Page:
A Hummer poser

The ritual denunciations of the vandalism of a Hummer in Washington D.C. are already well underway, but because it’s a ritual, I must briefly add my own.

I will confess to a moment’s satisfaction at the mutilation of a gross SUV. But then my brain kicked in and I got over it.

This is bad. Nobody has the right to destroy another person’s stuff, even if it’s “FOR THE ENVIRON” (they probably stopped at “N” because they ran out of room, but reading the story, I wonder whether actually it was just affronted locals acting in the interests of the neighbourhood’s image, not of the environment per se). It’s a bad image-maker for the green movement, and at best it’s just likely to lead to more painting and the flattened tires being replaced, and then where are we?

What really caught my attention in the Washington Post‘s story was this paragraph:

[Owner Gareth] Groves, who grew up in the District and works in marketing for a local radio station, said he wanted the car in part because he is starting a company, Washington Sports Marketing, that is “image-based.”

The scare-quotes are apt here, I think, because I can’t figure out what he means except in the most general terms. What image, precisely, does he intend to project? Conspicuously consuming, I guess, although I’m not sure I’d hire a marketing company whose first asset was a Hummer — before, in fact, a functioning website. Sometimes I see Hummers painted up as advertising vehicles driving around town, and those mystify me a bit, too.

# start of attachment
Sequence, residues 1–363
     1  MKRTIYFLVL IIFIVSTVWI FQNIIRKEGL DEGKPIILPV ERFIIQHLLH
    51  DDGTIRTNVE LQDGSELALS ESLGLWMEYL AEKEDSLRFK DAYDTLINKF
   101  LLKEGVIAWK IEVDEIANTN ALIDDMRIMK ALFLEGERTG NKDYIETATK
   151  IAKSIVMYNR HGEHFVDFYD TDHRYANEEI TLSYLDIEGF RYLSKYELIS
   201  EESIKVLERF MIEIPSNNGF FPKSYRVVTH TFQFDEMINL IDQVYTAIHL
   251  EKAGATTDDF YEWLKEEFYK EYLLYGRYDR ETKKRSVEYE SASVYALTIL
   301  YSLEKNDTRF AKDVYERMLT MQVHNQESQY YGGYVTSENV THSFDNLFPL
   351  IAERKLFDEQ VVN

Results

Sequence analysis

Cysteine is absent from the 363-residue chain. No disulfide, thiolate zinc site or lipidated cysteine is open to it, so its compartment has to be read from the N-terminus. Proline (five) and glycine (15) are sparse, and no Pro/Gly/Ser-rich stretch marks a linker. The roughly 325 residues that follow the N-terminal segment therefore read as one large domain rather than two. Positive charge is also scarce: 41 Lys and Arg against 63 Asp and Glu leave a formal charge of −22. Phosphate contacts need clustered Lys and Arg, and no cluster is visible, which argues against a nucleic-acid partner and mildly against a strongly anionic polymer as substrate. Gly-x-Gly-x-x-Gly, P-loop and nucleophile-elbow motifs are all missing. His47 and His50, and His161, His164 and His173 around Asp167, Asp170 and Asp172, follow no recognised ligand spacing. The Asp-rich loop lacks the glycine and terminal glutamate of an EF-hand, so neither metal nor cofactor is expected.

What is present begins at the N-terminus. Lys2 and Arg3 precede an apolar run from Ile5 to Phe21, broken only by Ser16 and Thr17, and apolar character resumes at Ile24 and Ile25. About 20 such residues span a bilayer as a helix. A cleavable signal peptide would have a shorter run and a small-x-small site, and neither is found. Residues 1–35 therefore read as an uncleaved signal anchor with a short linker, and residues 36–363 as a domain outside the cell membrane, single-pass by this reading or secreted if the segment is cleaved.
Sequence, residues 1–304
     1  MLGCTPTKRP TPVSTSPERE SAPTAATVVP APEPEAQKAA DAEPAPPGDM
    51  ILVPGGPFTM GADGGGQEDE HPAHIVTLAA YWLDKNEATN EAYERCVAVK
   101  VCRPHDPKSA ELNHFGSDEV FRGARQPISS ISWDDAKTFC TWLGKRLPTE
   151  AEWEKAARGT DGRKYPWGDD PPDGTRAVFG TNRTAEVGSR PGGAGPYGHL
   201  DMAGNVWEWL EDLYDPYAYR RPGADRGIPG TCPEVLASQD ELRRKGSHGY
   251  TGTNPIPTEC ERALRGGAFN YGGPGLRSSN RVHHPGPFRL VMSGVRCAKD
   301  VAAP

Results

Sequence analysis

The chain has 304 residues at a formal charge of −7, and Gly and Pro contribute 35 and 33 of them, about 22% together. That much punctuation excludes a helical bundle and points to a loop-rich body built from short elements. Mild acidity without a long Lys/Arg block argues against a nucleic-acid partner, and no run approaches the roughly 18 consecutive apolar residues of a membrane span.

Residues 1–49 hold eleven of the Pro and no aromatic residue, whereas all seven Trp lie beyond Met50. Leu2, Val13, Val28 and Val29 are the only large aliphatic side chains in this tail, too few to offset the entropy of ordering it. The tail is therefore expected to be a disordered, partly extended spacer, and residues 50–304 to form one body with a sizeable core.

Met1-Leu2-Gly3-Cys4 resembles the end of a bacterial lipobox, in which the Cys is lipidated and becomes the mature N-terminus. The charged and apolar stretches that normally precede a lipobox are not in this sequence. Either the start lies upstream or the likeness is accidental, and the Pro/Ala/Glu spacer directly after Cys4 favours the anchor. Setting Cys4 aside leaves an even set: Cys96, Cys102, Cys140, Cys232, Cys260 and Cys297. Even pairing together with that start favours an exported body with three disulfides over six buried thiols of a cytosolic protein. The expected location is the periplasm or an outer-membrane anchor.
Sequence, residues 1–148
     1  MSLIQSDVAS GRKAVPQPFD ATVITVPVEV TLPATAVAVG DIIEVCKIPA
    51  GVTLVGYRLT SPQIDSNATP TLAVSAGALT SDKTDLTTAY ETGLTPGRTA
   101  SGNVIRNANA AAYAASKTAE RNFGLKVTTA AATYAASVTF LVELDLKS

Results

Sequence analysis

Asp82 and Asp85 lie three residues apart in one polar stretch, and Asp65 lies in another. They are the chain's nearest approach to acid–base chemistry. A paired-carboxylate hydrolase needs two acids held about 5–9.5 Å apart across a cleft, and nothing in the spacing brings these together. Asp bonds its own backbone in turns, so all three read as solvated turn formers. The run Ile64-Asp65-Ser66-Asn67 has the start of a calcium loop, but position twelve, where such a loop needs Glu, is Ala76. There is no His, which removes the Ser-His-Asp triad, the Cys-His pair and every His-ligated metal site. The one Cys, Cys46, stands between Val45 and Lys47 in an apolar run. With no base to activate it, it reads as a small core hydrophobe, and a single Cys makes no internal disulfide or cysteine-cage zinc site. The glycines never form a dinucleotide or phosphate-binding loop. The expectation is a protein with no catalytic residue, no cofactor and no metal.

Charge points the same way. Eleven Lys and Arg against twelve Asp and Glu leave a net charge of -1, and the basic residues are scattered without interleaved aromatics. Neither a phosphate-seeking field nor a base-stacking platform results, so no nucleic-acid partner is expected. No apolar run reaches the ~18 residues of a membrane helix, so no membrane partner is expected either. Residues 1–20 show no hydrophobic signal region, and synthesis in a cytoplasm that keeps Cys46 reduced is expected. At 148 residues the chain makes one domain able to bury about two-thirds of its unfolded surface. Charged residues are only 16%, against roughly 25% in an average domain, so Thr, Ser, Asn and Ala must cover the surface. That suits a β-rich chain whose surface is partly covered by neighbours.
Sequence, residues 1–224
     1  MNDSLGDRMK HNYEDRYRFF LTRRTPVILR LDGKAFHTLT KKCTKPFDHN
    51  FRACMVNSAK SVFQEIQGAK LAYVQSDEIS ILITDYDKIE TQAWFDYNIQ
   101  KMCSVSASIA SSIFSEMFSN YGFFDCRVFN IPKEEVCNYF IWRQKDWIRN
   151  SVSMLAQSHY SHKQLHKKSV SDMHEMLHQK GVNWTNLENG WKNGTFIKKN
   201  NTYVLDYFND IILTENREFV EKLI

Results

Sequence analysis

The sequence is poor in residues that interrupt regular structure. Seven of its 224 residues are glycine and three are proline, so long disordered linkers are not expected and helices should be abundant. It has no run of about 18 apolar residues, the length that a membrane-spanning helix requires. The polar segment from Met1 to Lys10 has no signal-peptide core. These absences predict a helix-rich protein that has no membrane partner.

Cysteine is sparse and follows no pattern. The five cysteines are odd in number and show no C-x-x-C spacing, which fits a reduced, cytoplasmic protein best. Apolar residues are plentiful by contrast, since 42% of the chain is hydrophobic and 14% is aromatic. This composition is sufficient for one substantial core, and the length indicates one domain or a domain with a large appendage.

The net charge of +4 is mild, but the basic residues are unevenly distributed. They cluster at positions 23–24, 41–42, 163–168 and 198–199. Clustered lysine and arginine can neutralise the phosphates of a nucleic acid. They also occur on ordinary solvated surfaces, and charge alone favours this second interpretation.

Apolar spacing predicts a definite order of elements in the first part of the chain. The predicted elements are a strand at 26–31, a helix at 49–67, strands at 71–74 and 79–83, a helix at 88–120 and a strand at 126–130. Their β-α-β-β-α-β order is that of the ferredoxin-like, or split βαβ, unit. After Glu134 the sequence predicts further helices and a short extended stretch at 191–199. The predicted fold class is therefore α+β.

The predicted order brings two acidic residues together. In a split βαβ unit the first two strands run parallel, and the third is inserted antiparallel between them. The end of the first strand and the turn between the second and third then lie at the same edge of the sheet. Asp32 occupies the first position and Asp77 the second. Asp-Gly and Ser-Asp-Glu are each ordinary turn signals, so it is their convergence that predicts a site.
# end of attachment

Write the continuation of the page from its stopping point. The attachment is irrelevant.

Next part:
Some mornings on my way to work I pass a streetful of red Volkswagen Beetles all painted up with a name like “Nerd Squad,” parked outside a local greasy spoon. I guess the mobile tech-support guys (and a couple of girls) sometimes get together for a breakfast meeting. This message, I get. Besides acting as billboards for the name of the company, the fact they’re all Beetles implies the people driving them are modern, hip without being ostentatious, and zippy. There’s an element of cool without its being overpowering, and it plays directly against the stereotype of tech-support workers as anti-social know-it-all geeks.

I assume the message of a Hummer is “We’re so successful we can afford this car,” but what does that tell me as a potential customer of your sporting-goods store or listener of your radio station? What is, as the marketers ask, the story they’re telling?

Personally, I suspect it’s just “Our marketing director, who’s kind of an ass, wanted to drive a Hummer on somebody else’s dime.”

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